Sydneysiders have the opportunity to control the movements of a giant interactive robot from an Intel-powered tablet at this year's Vivid festival.
The Vivid festival – which kicked off on Friday – paints Sydney landmarks in dazzling light displays over its 18-day run. Many of the lightshows will showcase the potential of new Intel technologies as the chipmaker returns as an event partner for the fourth consecutive year.
Festival attendees will be able to control the lighting on Sydney's harbour bridge, or the movements of a "giant interactive robot" from an Acer tablet powered by an Intel processor. Other lighting displays include a digital forest, its centrepiece a 120 LED 3D tubes, and LED-studded boats floating throughout different parts of the harbour.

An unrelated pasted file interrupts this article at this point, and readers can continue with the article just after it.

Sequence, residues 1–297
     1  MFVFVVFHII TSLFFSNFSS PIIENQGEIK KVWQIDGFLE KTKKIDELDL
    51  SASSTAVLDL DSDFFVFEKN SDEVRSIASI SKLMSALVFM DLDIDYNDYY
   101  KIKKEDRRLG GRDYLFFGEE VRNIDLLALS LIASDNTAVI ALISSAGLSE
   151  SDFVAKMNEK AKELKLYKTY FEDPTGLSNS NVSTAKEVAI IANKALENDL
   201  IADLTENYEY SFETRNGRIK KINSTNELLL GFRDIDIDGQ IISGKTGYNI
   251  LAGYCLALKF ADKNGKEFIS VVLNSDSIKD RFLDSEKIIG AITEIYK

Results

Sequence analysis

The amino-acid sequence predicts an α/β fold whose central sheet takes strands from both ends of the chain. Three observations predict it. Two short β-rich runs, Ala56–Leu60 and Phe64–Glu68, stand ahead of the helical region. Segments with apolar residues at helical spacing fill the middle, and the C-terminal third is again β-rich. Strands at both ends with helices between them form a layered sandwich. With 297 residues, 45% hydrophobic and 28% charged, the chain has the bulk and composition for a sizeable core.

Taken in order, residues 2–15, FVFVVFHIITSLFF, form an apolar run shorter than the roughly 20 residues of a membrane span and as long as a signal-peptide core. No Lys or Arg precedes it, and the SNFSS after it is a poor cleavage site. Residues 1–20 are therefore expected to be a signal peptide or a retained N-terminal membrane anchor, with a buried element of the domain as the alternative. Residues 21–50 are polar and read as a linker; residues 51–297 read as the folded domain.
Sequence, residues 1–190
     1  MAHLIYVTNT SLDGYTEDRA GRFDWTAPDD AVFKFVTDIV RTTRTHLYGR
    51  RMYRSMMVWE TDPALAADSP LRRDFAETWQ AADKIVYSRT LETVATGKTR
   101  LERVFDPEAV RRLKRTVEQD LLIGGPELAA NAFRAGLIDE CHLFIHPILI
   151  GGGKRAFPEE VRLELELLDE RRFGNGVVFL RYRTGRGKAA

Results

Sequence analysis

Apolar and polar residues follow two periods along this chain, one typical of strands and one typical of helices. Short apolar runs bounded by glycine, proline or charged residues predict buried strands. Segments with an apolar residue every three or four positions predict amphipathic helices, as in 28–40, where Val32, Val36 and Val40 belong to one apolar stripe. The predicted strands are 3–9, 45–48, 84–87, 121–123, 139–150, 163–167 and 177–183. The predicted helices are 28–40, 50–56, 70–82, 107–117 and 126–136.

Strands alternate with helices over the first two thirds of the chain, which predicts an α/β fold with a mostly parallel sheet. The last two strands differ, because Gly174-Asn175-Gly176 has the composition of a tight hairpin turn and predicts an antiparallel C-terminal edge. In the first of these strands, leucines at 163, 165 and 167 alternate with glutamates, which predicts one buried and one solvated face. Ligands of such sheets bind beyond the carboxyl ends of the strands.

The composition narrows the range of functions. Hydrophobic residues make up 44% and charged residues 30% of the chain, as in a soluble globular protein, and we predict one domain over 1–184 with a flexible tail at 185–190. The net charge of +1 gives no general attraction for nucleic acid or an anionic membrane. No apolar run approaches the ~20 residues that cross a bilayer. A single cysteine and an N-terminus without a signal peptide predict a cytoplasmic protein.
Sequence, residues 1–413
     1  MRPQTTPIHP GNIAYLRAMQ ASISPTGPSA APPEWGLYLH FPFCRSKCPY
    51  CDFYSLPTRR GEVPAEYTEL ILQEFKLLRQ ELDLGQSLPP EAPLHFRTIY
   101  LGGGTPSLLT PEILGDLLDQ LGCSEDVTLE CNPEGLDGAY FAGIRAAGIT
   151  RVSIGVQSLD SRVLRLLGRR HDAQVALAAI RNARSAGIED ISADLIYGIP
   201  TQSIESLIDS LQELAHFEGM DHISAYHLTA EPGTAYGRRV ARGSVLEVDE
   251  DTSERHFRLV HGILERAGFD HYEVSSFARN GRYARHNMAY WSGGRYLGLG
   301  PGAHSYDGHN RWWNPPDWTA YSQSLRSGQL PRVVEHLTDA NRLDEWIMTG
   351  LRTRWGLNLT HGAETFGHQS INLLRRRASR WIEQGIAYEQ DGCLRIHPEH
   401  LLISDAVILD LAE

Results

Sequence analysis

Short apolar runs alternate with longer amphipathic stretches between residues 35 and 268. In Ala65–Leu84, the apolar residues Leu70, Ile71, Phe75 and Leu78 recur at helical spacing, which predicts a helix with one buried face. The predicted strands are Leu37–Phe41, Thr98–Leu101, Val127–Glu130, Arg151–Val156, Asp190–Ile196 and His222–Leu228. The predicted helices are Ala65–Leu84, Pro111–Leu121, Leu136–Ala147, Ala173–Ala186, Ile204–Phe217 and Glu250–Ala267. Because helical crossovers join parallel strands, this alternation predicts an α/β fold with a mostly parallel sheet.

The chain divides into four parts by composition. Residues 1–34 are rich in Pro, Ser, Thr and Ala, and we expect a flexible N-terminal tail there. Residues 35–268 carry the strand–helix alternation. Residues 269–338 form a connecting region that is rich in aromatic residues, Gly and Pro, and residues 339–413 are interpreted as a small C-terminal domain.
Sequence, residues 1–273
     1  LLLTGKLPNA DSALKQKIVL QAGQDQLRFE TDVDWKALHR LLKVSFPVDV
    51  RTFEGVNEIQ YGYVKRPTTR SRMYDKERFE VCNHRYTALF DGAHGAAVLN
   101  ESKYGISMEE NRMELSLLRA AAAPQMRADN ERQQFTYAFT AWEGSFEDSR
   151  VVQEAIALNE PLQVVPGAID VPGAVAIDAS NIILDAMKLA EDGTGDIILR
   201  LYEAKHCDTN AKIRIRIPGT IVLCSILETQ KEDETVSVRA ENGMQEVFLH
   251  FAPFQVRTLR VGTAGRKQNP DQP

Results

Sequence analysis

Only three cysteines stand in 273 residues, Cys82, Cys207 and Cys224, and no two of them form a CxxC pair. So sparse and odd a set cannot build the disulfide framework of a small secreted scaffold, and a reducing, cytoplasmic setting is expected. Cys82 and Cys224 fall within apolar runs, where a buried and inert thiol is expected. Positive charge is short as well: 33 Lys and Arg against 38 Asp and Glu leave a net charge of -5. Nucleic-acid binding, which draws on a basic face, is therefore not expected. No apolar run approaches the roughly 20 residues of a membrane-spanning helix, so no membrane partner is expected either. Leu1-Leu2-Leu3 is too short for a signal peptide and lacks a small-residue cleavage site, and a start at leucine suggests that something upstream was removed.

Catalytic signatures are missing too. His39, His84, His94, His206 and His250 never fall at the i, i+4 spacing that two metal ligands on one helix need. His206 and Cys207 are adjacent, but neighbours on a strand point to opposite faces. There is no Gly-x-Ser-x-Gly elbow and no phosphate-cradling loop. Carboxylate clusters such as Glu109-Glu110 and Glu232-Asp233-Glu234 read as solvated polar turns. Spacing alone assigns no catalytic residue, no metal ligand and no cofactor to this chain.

Use the slideshow controls above and right to see more of the Vivid festival.
Many of the installations will rely on technologies powered by the Intel Galileo development board, a customisable circuit board used by artists, designers and capable enthusiasts to create interactive environments. Members of the public interested in the versatile processor can attend two workshops, one of which is already sold out.
Intel Australia managing director, Kate Burleigh, said Intel's range of chips were enabling artists to creatively express themselves. "Our technology is working to make it happen. It's not what we make; it's what we make possible," Burleigh said.
This year's Vivid promises to be the largest in the events history. Sandra Chipchase, chief executive of Destination NSW, the state government event agency behind Vivid, said the installations will "create an unbroken trail of light from Circular Quay to North Sydney".